The David Coleman Bank parliamentary inquiry issued its report to the Treasurer. There is growing concern that innovation and competition is lacking in the Australian banking space dominated by an oligopoly of major retail banks. Tyro has always deplored the high access barriers. And indeed the report states that barriers to becoming a bank are too high: only one Australian entity has obtained a bank licence in the past decade and that is Tyro.

There is progress, but it is far to limited and slow. A recommendation of the Inquiry states: “The committee recommends that Deposit Product Providers be forced to provide open access to customer and small business data by July 2018. ASIC should be required to develop a binding framework to facilitate this sharing of data, making use of Application Programming Interfaces (APIs) and ensuring that appropriate privacy safe guards are in place.”

The European Union has mandate Open API Banking effective 1 January 2018. There is a revolution in the making with the European banks after much resistance now accepting the Open API world and investing heavily into resolving the technical, security, privacy, consent, liability challenges. In the remaining 13 months the incumbent banks and challenger banks will learn and advance. As banks step up into new information enabled business models, price/performance will improve exponentially and business growth will accelerate.

And what about Australia? All too little, all too late.  We need to go fast far beyond the David Coleman parliamentary report, the Productivity Commission interim report and even the European Payment Services Directive. There is a leapfrog opportunity. If the Australian major retail banks could deliver a new framework to the benefit of the nation, we could win. They should deliver effective by 1 January 2018 these user cases:

  1. As a customer, I am able to instruct my bank to share the KYC status with another bank or regulated entity. If I am a Westpac customer but want to consider a loan from ANZ Bank or a market based lender, I want my KYC status shared, alleviating my efforts to start a KYC process with each financial service provider that I chose. A block-chain implementation allows me to stay in control of my data. Banks and fintechs have the choice to fully or partially rely on the shared KYC.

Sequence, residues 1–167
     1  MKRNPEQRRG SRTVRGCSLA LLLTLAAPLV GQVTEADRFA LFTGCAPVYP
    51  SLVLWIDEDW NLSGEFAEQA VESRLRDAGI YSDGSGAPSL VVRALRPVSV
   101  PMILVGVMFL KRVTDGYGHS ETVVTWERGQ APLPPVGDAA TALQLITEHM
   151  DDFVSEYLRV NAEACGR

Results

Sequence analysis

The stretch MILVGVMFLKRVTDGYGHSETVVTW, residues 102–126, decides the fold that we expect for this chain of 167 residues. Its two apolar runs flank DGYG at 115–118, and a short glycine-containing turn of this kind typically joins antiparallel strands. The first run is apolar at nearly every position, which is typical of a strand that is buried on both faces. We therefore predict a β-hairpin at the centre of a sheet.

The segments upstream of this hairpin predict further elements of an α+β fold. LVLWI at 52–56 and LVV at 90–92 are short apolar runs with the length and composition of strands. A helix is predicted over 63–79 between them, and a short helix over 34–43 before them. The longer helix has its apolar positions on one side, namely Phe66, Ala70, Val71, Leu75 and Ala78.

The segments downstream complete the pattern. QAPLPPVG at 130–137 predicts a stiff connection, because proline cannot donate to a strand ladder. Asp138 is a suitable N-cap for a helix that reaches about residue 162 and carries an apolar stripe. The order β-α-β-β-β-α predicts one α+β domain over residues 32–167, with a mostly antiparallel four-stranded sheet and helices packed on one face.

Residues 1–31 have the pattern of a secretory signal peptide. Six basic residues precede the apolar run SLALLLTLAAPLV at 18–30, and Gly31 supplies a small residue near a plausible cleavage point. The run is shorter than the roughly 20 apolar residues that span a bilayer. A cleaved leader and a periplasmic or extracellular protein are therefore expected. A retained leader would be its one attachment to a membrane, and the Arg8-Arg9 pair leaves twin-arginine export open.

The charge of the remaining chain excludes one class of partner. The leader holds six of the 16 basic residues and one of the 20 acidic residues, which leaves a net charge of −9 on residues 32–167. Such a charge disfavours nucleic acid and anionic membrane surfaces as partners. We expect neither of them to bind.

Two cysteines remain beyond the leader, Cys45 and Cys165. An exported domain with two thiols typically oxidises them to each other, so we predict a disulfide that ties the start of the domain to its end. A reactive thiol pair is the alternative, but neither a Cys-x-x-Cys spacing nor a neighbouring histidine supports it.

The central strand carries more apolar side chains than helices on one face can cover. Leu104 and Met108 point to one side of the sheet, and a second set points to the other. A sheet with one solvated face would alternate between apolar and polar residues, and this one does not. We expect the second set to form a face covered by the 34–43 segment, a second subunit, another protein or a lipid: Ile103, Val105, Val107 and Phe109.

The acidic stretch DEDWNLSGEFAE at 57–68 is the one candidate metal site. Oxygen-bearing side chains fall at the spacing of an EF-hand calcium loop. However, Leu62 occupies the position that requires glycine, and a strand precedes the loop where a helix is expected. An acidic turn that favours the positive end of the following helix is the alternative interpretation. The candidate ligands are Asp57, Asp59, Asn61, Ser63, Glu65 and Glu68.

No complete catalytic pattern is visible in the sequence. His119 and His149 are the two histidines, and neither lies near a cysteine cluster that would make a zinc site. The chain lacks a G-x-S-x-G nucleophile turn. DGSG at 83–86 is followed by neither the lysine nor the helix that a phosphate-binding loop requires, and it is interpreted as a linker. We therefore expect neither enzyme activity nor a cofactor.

2. As a customer, I am able to instruct my bank that holds my data on my behalf to share it with another bank or regulated entity of my choosing, so that I can compare offers and benefit from more choice.
  3. As a customer, I am able to instruct my bank to honour a payment instruction (credit/debit) from another bank or regulated entity that I authorised to do so. I can now benefit from a seamless user experience managing my transactions, deposits and loans across multiple financial service providers.

There is a great opportunity, if the major retail banks offered an open shared KYC infrastructure (Digital Identity) that they and new competitors could chose to rely on. Australia could close up to the revolution that is in the making in Europe.

Past experience suggests that such a collaborative effort needs a strong mandate from the government and the respective regulators. Banking and financial services are ripe for disruption. We know that the country that enables innovation and fosters competition will win.

Time is running out. Where are the BBVAs and more Tyros in Australia?